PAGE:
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PW 0149 Comparing road safety performance across countries: do data source and type of mortality indicator matter?
  1. Xunjie Cheng1,
  2. Yue Wu2,
  3. Peishan Ning1,
  4. Peixia Cheng1,
  5. David C Schwebel3,
  6. Guoqing Hu1
  1. 1Department of Epidemiology and Health Statistics, Xiangya School of Public Health, Central South University, Changsha, China
  2. 2Department of Occupational and Environmental Health, Xiangya School of Public Health, Central South University, 110 Xiangya Road, Changsha, China
  3. 3Department of Psychology, University of Alabama at Birmingham, Birmingham, AL, USA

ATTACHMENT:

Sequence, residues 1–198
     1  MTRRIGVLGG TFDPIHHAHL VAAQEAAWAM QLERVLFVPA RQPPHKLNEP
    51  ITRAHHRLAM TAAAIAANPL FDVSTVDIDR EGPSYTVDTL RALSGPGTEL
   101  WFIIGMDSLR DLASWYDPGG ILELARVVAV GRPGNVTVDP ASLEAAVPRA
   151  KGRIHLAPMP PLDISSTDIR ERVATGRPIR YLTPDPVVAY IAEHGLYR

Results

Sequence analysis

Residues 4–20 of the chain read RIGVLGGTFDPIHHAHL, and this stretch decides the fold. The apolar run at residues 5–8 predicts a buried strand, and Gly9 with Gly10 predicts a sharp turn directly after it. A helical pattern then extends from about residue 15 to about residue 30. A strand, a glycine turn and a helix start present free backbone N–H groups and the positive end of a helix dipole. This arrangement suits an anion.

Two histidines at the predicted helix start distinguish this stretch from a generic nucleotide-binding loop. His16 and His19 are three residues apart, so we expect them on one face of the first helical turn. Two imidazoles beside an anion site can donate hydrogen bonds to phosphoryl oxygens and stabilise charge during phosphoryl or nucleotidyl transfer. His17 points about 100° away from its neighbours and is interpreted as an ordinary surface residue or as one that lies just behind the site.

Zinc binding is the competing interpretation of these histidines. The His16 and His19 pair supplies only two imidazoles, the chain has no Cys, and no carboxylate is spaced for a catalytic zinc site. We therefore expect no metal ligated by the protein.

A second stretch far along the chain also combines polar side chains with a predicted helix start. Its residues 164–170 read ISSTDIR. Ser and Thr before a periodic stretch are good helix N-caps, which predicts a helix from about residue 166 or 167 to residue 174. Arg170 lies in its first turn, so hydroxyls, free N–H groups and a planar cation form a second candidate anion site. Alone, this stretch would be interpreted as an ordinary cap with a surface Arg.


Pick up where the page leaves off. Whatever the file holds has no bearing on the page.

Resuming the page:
This study examined the impact of data sources ‘estimates from the World Health Organization (WHO) and the Global Burden of Disease (GBD)’ and type of mortality indicator ‘population-based and exposure-based mortality’ on road safety performance evaluation. Data were from WHO publications and the GBD results tool, we calculated mortality rate ratio (MRR) and differences in country ranking between the two data sources, plus differences in country rankings and in mortality changes between 2010 and 2013 for population-based and vehicle-based mortality. Of 172 countries in both datasets, 32 countries (19%) had low consistency across the two data sources (MRR ≤0.49 or≥1.51). Using population-based mortality data to rank the 172 countries, 77 (45%) had ≥20 position difference between the two data sources. Population-based vs vehicle-based mortality data yielded ≥20 position difference in 33 countries for WHO estimates and 42 for GBD estimates. Among the 80 countries having comparable population-based and vehicle-based GBD mortality rates over time, 9 countries displayed opposite changing directions – that is, the change increased in one mortality indicator but decreased in the other indicator between 2010 and 2013. Data source and type of mortality indicators yield a substantial impact on ranking road safety performance across countries, as they are widely used for decision-making by global and national policy-makers and injury researchers. The differences between WHO and GBD estimates may arise from inconsistencies in data input and estimation models. Exposure-based indicators should be preferred in road safety evaluation when data are available.

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